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17 Figure 2.6. Lowering bent cap rebar cage into elevated formwork--CIP. Figure 2.7. Bent cap rebar cage in form during as possible the expected field process so constructability issues fabrication--CIP. could be examined. The construction sequence for precast specimens included the following: cap by at least 500 psi to ensure the connection grout was not 1. Fabricate rebar cages for the bent cap and column at CSUS. a weak link in the system. A hand pump system and collar 2. Transport rebar cages to Clark Pacific, prepare bent cap were used for grouting the bedding layer and ducts. Grout and column forms, and cast bent cap and column concrete. was pumped from the bottom of the bedding layer up into 3. Transport precast cap and column to CSUS. the ducts, and an air vent system at the top of the bedding 4. Prepare column and bent cap for assembly and conduct layer helped prevent air entrapment within the connection. cap setting operation in upright position. Fluidity of grout was determined before grouting using a flow 5. Prepare connection. For grouted duct connection, pump cone test in accordance with ASTM C939-02 (27). After the grout into the bedding layer to fill the bedding layer and bedding layer form was attached and sealed, the bedding layer ducts. For cap pocket connections, fill pocket and bedding layer with concrete from top of cap. 6. Invert specimen and install in test area. The following sections provide a brief summary and select photos of the specimen fabrication. Further details are pro- vided by Matsumoto (21, 22, 23, 26). Cast-in-Place Specimen Fabrication of the CIP specimen required building special elevated forms for casting the bent cap on top of the column (see Figure 2.6 and Figure 2.7), as well as inverting the entire T-shaped specimen in the yard for transportation. The speci- men was fabricated accurately according to the drawings. Grouted Duct Specimen Figures 2.8 through 2.12 show the bent cap rebar cage, cap setting operation, and grouting of the GD specimen. Grout Figure 2.8. Bent cap rebar cage in form during compressive strength was designed to exceed that of the bent fabrication--GD.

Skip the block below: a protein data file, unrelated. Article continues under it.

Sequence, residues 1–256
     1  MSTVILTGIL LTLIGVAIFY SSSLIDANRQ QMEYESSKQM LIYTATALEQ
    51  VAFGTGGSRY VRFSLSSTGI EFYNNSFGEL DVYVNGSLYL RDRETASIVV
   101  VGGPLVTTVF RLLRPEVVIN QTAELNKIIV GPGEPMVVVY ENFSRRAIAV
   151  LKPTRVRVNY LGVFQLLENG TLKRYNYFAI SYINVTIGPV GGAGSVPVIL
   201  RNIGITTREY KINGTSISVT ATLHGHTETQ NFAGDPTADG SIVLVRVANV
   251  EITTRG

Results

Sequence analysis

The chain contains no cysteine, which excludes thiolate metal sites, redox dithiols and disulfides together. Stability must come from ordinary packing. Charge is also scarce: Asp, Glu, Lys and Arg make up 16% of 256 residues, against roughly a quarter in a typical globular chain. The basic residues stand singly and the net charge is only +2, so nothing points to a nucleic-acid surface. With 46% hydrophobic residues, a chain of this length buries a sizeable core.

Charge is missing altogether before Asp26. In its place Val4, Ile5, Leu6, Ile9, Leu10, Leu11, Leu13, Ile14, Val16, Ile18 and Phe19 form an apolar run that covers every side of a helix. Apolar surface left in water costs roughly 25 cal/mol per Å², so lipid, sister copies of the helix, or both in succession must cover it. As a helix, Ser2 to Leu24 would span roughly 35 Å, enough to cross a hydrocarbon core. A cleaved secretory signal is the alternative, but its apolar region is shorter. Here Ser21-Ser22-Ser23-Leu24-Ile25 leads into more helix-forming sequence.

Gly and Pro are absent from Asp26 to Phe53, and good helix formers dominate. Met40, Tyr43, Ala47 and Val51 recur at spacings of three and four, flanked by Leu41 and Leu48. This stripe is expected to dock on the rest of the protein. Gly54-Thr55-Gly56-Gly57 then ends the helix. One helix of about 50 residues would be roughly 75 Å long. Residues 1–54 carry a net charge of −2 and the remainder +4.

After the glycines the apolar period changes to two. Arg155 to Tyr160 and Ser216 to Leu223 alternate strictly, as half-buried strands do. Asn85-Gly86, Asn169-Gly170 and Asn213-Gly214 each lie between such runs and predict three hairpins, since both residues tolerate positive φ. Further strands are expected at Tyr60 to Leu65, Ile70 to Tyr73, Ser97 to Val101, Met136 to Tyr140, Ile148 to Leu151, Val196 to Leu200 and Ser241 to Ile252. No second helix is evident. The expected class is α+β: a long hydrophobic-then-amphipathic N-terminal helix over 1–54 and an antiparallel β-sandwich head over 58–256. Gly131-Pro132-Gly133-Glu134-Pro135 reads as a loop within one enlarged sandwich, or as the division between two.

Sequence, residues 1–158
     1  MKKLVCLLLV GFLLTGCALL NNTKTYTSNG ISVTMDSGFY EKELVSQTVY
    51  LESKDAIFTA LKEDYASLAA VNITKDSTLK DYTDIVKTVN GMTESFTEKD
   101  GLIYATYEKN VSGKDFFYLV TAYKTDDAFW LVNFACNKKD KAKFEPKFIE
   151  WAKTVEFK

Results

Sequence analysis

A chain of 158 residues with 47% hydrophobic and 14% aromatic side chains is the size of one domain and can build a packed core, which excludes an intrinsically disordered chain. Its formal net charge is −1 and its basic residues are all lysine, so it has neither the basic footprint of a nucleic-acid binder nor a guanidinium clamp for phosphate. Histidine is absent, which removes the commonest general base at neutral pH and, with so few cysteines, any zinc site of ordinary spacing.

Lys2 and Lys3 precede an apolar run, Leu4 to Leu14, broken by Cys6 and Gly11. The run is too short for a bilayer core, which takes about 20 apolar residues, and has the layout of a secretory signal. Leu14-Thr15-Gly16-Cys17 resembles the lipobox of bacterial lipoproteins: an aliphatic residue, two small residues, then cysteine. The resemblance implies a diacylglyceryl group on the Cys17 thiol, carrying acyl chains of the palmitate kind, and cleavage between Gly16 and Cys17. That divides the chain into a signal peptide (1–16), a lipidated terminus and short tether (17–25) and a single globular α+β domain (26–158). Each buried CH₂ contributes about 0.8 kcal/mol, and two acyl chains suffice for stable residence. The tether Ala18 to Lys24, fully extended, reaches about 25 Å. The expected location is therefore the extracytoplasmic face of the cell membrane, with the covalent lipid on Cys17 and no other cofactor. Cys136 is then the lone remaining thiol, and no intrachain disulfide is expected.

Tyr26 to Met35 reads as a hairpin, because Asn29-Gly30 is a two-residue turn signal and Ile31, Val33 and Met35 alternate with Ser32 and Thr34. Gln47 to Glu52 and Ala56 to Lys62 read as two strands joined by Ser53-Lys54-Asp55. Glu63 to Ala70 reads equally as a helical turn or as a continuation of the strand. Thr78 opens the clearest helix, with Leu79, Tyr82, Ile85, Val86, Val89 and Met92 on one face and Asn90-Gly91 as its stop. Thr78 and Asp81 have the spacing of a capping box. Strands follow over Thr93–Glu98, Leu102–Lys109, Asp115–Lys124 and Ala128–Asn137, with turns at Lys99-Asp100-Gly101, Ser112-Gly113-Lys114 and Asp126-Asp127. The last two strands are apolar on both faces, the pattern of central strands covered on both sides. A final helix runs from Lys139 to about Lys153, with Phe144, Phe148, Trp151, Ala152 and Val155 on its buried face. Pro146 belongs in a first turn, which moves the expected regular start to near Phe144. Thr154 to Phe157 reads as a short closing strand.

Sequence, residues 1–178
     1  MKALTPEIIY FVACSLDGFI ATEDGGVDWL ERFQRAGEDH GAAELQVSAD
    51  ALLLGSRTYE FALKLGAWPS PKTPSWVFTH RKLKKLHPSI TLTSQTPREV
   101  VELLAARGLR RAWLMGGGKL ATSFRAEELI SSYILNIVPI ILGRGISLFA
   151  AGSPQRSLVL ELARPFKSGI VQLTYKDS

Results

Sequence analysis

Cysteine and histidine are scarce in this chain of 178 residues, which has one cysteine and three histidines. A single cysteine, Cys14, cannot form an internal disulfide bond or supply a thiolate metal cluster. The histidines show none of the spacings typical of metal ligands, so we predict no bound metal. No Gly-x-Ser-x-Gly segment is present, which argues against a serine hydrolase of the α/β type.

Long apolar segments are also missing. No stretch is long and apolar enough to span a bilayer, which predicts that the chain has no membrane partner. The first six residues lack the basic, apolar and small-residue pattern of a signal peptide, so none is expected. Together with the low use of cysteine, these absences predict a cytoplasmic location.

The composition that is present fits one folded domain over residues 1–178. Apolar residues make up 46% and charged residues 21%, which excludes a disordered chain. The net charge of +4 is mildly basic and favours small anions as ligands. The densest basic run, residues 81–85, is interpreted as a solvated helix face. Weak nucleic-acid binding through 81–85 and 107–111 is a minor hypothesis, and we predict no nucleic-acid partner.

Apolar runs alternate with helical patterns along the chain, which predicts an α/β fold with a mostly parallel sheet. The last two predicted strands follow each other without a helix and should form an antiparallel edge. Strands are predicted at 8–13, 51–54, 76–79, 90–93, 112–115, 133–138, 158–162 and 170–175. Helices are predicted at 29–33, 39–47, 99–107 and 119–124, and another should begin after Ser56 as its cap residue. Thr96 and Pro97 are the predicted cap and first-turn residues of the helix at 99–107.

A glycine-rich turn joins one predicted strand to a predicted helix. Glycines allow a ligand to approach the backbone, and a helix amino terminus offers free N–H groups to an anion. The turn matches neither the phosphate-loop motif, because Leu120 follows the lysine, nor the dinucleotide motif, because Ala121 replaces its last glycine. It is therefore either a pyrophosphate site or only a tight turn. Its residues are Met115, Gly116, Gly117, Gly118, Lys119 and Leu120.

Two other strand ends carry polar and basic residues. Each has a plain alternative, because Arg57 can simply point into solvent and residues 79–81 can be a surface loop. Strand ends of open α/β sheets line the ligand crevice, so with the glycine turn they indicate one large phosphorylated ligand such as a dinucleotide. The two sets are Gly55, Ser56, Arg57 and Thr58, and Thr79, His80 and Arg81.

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18 dam at the top and bottom of the corrugated pipe and a column bar template were useful to form the cap pocket void full height of the bent cap, as the pipe is placed only between the top and bottom of the longitudinal rebar (see Figure 2.13b). Figure 2.14 shows concreting of the CPFD pocket. Fabrication and assem- bly operations for the CPLD and CPFD were the same. Concrete was placed in the pocket and bedding layer using a bucket at the top of the pocket. Concrete was cast into the pocket around the bent cap longitudinal reinforcement from above, and a collar with an air vent system was used to help remove entrapped air at the bedding layer. The concrete mix was selected to be close to that used for the bent cap and col- umn, with the intention of achieving a strength and stiffness at least 500 psi greater than that of the bent cap, ensuring that the connection would not be the weak link in the system. After the bedding layer form was attached and sealed (see Figure 2.15), Figure 2.9. Joint region of bent cap during the bedding layer was prewatered to ensure sealing and to pre- fabrication--GD. vent loss of moisture from the pocket concrete. Buckets were used to fill the pocket with concrete in several layers with was prewatered to ensure sealing and prevent loss of moisture vibration. Once concrete flowed through the air vents in the from the grout. After mixing the grout using a paddle-type bedding layer, the vents were sealed. After hardening, curing mortar mixer, grout with a flow cone efflux time of 20 to compound was applied to the top surface. After the bedding 30 sec was pumped into the connection. After grout flowed layer form was removed, the bedding layer and top of the pipe through air vents in the bedding layer, the vents were sealed. were inspected. Grout was added manually to top off each duct. After the The first column hoop below the top of the CPFD column grout cured several days, the bedding layer form was removed was placed approximately 2 in below its intended location dur- and the bedding layer and the top of the ducts were inspected. ing fabrication. This reduced the overall drift to some extent, but did not affect the maximum load induced in the joint. Cap Pocket Specimen Conventional Hybrid Specimen Figure 2.13 compares the bent cap rebar cage for the CPFD and CPLD specimens. The significant reduction of joint re- Figures 2.16 through 2.19 show the rebar cage, cap set- inforcement for the CPLD specimen is evident. A Sonotube ting operation, grouting, and post-tensioning of the con- Figure 2.10. Cap placement during and after cap setting operation--GD.